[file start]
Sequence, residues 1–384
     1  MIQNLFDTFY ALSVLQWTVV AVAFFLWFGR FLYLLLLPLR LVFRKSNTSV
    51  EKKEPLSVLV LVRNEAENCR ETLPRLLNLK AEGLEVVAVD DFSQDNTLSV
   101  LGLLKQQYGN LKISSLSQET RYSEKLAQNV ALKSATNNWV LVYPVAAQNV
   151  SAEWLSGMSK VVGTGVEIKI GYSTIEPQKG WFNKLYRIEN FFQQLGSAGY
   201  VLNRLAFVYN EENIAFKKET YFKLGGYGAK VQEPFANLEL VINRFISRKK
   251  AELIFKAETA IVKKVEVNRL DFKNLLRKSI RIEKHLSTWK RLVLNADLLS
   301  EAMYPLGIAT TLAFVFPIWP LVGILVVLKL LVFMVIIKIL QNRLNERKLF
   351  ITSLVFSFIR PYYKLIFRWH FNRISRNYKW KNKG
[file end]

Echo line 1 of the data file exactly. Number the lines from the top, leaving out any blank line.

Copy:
Sequence, residues 1–384